1000 Korean words for everyday use – Basic vocabulary from K-dramas #62

Welcome back. This is the 62nd post in the series of 1000 Korean words for everyday use by analyzing the word frequency of more than 1,000 episodes of Korean dramas.

Today, let’s explore the meaning and context of 5 key Korean words “분명, 빠지다, 입다, 가게, 수고” with sample sentences.
Click the play button below to listen to all the words and sample sentences in this post.

 

Basic Korean words : 분명, 빠지다, 입다, 가게, 수고

 

306. 분명 [bun-myeong] – clear, obvious

– 분명 [bun-myeong] means “clear” or “obvious”, indicating a situation or fact that is obvious and easy to understand.

Example sentence:

그건 분명한 사실이에요. That’s a clear fact.

 

307. 빠지다 [bba-ji-da] – to fall, to be missing

– 빠지다 [bba-ji-da] means “to fall” or “to be absent” and describes the action of something falling or being absent.

Example sentence:

사랑에 빠진 게 죄는 아니잖아. It’s not a sin to fall in love.

 

308. 입다 [ip-tta] – to wear

– 입다 [ip-tta] means “to wear”, indicating the act of putting on clothes or accessories.

Example sentence:

이 옷을 입어 보세요. Try to wear this outfit.

 

309. 가게 [ga-ge] – store, shop

– 가게 [ga-ge] refers to a “store” or “shop”, a place where goods or services are sold.

Example sentence:

이 새로운 가게는 다양한 상품을 판매해요. This new shop sells a variety of products.

 

310. 수고 [su-go] – effort, hard work

– 수고 [su-go] means “effort” or “hard work”, indicating the exertion of energy or diligence.
– 수고하다 [su-go-ha-da] means “to make an effort” or “to take pains”, describing the act of working hard or trying one’s best.

Example sentences:

당신의 수고에 감사드려요. Thank you for your hard work.
수고하셨습니다. Thank you for your efforts.

 

Grammar & Study Resources

잖아 [ja-na] is a Korean sentence-ending particle used in conversation to provide explanations, emphasize a point or make a statement more assertive. It is quite versatile in its use and can convey different nuances depending on the context.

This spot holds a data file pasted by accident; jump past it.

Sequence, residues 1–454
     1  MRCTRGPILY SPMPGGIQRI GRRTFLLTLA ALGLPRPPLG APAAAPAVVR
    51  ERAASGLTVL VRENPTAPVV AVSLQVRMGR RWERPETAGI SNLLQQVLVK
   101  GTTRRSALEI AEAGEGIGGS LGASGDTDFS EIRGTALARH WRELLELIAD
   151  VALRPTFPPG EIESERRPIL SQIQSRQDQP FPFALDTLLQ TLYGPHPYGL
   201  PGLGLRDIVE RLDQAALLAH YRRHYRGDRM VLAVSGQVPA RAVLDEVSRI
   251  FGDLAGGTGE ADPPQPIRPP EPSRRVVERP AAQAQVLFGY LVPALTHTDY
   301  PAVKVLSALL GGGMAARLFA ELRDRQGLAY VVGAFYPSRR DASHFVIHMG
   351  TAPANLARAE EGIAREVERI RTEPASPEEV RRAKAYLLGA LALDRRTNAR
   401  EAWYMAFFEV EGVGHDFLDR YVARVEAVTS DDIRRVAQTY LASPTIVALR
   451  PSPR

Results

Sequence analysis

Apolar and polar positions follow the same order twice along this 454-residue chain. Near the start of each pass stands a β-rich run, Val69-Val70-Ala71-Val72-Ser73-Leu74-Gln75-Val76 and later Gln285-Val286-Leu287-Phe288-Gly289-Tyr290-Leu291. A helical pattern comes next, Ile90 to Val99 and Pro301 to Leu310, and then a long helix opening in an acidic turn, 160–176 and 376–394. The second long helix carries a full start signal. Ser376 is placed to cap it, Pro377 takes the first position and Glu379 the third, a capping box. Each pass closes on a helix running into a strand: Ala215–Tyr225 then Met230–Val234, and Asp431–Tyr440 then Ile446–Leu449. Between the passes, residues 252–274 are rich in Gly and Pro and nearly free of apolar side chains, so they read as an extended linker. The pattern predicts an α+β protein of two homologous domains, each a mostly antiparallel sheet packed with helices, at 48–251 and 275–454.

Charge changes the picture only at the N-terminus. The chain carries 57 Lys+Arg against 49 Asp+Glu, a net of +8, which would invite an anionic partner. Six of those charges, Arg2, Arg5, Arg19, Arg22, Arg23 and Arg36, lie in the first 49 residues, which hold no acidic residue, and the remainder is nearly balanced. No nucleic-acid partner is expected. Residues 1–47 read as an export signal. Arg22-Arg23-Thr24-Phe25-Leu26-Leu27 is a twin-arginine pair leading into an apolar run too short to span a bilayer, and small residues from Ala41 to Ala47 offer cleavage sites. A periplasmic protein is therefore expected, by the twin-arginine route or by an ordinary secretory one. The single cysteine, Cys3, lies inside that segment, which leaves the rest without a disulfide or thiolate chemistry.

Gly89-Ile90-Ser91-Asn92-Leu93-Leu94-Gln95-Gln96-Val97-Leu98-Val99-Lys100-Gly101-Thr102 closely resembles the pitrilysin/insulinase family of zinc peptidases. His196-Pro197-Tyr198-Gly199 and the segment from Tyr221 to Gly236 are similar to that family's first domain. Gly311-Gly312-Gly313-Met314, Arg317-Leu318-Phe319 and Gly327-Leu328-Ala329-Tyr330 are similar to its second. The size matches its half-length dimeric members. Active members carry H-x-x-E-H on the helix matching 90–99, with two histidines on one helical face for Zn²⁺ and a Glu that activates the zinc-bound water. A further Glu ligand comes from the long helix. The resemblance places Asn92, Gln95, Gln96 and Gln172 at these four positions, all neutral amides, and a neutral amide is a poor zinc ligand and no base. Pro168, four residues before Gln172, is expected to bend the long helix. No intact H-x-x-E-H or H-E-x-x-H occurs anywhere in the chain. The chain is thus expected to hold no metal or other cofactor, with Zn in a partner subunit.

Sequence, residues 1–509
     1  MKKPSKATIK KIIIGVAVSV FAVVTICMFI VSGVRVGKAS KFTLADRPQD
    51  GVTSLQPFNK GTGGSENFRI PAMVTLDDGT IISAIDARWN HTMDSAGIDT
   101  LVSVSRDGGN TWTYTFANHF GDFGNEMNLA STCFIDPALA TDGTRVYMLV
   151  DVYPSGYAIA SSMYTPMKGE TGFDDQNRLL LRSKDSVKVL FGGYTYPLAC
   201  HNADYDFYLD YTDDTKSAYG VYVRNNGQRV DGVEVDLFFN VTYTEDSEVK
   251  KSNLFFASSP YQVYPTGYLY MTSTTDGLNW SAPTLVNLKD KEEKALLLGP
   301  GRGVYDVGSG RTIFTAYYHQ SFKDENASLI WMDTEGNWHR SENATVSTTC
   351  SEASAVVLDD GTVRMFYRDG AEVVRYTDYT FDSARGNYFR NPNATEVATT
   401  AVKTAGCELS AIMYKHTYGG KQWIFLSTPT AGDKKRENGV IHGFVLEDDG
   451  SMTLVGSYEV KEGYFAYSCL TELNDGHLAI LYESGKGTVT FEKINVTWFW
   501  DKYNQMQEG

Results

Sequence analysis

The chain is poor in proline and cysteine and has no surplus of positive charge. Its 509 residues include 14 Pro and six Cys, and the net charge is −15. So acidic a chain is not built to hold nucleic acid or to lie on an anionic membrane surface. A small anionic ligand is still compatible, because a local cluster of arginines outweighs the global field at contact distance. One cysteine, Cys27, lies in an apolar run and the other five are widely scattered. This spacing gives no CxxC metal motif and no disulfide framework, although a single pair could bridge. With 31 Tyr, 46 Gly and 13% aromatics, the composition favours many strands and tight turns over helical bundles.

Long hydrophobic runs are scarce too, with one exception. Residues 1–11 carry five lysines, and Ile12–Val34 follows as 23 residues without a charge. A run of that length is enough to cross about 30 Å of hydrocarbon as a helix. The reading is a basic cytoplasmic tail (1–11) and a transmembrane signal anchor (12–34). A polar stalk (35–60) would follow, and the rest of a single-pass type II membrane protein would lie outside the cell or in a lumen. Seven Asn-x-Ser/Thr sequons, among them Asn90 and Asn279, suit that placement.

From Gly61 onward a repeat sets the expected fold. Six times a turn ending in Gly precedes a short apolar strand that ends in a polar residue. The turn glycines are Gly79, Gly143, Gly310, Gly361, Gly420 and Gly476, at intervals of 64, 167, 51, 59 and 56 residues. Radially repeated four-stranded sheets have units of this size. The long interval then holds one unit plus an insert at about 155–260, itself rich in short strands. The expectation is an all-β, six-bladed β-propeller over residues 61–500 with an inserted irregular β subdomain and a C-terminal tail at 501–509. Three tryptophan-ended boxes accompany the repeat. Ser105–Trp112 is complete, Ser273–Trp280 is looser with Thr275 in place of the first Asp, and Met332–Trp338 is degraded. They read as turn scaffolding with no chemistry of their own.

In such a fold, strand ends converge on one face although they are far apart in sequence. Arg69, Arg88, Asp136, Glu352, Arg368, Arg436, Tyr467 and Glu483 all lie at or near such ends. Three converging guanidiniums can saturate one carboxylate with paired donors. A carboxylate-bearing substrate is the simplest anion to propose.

Here are some common ways to use 잖아:

Explanatory usage: 잖아 is often used to provide explanations or to remind someone of a fact that both parties are aware of. It can be thought of as a way of saying “You know…” or “As you know…”. For example:
너한테서 연락이 없었잖아. I haven’t heard from you.

To emphasize a point: If you want to emphasize a point or make your statement more assertive, 잖아 can be used. It adds a sense of ‘of course’ or ‘as a matter of fact’.
나는 그 일을 할 수 있어, 내가 잘 할 수 있잖아. I can do this job, I’m capable, you know.

Expressing indignation or complaint: 잖아 can also be used to express frustration, especially if you’re repeating something the other person should already know.
내가 그렇게 바쁜데 왜 내 시간을 뺏어? 내가 잘못한 것도 아니잖아. I’m so busy, why are you taking up my time? It’s not even my fault, you know.

Looking for approval or confirmation: Sometimes 잖아 is used to seek agreement or confirmation from the listener, similar to adding “right?” or “you know?” at the end of a sentence in English.
오늘 날씨 좋네, 그렇잖아? The weather is nice today, isn’t it?

Adding an informal tone: Using 잖아 can make your speech sound more informal and conversational. It’s often used in casual conversations between friends or close acquaintances.

Remember that the tone and intent behind using 잖아 can vary depending on the context and relationship between the speakers. It’s important to consider the overall atmosphere of the conversation in order to use it appropriately.

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